MUMBAI (Reuters) - Kotak Mahindra Capital Co, the former Indian partner of Goldman Sachs, expects M&A funding to emerge as an opportunity in a market where its global peers are shying away from such deals amid the global crisis.
In India, M&A talks have been back in full swing over the last two months, after a six-month lull, but availability of funds is a constraint, the firm’s managing director, Falguni Nayar, told Reuters in an interview on Monday.
“There will be more funding opportunities emerging. One would tend to use debt funding in most situations,” she said.
Global investment banks underwrote huge debt to help their clients close leveraged M&A transactions in the boom years between 2005 and early 2008.
However, the worst global financial crisis in 80 years has forced banks to abandon the model as they set about cleaning up their books, opening the doors for regional players like Kotak.
The firm, a unit of private-sector lender Kotak Mahindra Bank, has this month arranged the debt for outsourcer Tech Mahindra’s 550 million-plus deal for a controlling stake in fraud-hit Satyam Computer Services.
“We won’t do a billion dollar funding and keep it on our books,” Nayar said, adding the company would either sell the loan to other investors or use its relationships to arrange debt and charge the clients a fee.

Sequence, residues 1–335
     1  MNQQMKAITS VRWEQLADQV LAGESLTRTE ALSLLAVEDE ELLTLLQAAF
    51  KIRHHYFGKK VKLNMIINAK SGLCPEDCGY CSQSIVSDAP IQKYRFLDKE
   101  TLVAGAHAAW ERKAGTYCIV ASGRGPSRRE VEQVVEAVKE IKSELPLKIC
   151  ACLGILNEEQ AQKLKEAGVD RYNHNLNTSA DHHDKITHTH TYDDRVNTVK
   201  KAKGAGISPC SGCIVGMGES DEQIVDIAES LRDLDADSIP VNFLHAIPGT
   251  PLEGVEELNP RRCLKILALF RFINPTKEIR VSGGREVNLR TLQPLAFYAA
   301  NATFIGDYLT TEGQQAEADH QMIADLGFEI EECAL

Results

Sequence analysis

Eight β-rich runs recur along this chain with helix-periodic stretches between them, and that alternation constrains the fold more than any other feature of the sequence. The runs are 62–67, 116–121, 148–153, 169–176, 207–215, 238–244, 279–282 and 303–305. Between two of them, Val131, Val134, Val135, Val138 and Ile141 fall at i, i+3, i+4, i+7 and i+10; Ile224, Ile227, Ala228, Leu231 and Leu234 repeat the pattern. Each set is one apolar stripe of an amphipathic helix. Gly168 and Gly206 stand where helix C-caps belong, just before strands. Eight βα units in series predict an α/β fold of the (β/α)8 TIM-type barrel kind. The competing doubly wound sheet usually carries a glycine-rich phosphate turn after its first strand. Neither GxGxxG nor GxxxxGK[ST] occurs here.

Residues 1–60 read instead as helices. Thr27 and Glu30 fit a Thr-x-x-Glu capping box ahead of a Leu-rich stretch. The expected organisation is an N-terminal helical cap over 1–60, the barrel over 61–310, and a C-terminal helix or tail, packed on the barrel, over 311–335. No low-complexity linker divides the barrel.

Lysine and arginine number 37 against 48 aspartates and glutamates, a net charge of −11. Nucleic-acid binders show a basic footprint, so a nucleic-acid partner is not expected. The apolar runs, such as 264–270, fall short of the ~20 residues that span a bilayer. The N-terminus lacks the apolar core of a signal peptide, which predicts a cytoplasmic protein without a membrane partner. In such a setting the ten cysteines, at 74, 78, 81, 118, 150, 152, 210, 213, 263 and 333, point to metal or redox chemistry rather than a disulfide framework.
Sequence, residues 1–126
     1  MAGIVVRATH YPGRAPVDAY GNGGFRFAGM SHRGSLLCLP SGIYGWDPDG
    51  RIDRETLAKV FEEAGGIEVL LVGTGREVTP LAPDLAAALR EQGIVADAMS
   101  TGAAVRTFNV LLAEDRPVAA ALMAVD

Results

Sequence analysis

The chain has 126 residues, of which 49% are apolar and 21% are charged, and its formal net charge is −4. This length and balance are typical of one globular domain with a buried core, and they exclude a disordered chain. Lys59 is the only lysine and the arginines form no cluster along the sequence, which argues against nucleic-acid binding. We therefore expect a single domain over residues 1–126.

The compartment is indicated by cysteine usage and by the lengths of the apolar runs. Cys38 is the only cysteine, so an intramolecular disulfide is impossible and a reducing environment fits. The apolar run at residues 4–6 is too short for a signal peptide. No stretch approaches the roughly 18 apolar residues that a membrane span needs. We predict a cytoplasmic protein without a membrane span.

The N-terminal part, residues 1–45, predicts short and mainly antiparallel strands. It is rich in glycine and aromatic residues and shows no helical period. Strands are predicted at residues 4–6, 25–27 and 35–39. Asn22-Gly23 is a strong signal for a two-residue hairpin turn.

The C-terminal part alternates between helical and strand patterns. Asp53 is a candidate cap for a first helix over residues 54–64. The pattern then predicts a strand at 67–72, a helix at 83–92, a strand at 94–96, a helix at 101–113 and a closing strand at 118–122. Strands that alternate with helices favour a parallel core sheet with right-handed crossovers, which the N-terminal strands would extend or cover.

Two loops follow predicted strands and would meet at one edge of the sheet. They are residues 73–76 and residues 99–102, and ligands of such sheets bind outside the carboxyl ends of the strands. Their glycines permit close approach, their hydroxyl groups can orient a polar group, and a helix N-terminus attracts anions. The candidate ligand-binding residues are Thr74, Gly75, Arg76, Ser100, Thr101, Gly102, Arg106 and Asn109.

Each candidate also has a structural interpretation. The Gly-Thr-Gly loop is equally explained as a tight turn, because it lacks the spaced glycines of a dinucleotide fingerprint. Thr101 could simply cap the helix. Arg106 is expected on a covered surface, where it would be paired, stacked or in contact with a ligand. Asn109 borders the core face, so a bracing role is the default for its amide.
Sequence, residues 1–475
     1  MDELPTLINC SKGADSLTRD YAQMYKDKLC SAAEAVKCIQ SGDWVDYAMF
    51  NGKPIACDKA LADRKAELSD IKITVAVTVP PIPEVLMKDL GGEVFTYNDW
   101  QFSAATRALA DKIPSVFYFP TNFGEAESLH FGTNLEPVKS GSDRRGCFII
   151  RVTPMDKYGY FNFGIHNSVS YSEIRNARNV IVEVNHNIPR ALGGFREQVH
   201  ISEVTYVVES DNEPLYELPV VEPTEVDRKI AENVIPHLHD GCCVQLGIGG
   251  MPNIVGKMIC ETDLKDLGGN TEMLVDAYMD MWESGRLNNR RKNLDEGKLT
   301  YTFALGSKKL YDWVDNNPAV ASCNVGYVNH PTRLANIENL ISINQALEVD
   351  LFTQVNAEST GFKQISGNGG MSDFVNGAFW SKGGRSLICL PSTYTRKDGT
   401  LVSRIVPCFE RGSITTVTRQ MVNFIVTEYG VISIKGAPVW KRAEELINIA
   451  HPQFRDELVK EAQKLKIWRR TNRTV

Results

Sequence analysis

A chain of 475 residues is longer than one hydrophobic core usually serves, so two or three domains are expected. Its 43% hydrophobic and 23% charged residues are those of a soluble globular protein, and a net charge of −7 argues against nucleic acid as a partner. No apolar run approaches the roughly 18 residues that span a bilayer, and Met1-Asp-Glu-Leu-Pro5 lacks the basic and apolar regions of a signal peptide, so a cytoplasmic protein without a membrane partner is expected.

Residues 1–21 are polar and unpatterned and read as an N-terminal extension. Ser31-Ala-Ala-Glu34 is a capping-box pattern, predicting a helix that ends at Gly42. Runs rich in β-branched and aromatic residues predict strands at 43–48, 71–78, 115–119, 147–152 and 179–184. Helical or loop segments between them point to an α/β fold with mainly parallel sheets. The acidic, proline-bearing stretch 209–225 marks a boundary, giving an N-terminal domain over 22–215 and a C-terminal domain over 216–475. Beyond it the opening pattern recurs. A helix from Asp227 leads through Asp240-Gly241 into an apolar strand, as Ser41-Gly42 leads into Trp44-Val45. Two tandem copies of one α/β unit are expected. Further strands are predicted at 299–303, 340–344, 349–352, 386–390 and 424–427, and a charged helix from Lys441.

She said the worst was behind Indian deal flows and expected opportunities to arise in distressed asset restructuring, convertible buybacks and infrastructure funding and advisory.
“There is long-term distress in real estate and construction. Retail may get there if the model does not succeed since companies have invested so much money,” Nayar said.
India’s March-quarter deal volumes tumbled as the global crisis hit, with M&A volumes down by three-quarter and IPOs almost non-existent, crimping investment banking fees by 64.5 percent, Thomson Reuters data showed.
“The rout looks behind us right now. But I don’t know if we will get knocked by another punch. India’s demographics and robust domestic demand will help us,” she said.
Nayar, who heads one of the biggest investment banking outfits in India with a 90 member team, said despite a likely recovery and job cuts by global players the investment banking and institutional broking industry was overcrowded.
“Unfortunately investment banking is one of the most cyclical businesses from boom to bust scenarios. While individual teams at each bank are not large, the total number of players are many,” she said.
Global players such as Goldman Sachs, Morgan Stanley, Deutsche Bank, Credit Suisse expanded rapidly to corner a slice of the rapid Indian growth, only to cut back as the country reeled under the global crisis.
“India is still overbanked. Every player, whether it is an Australia specialist or a UK specialist or whether it is a mid-cap U.S. specialist, wants to be here,” Nayar said. “In that sense, we need a correction.”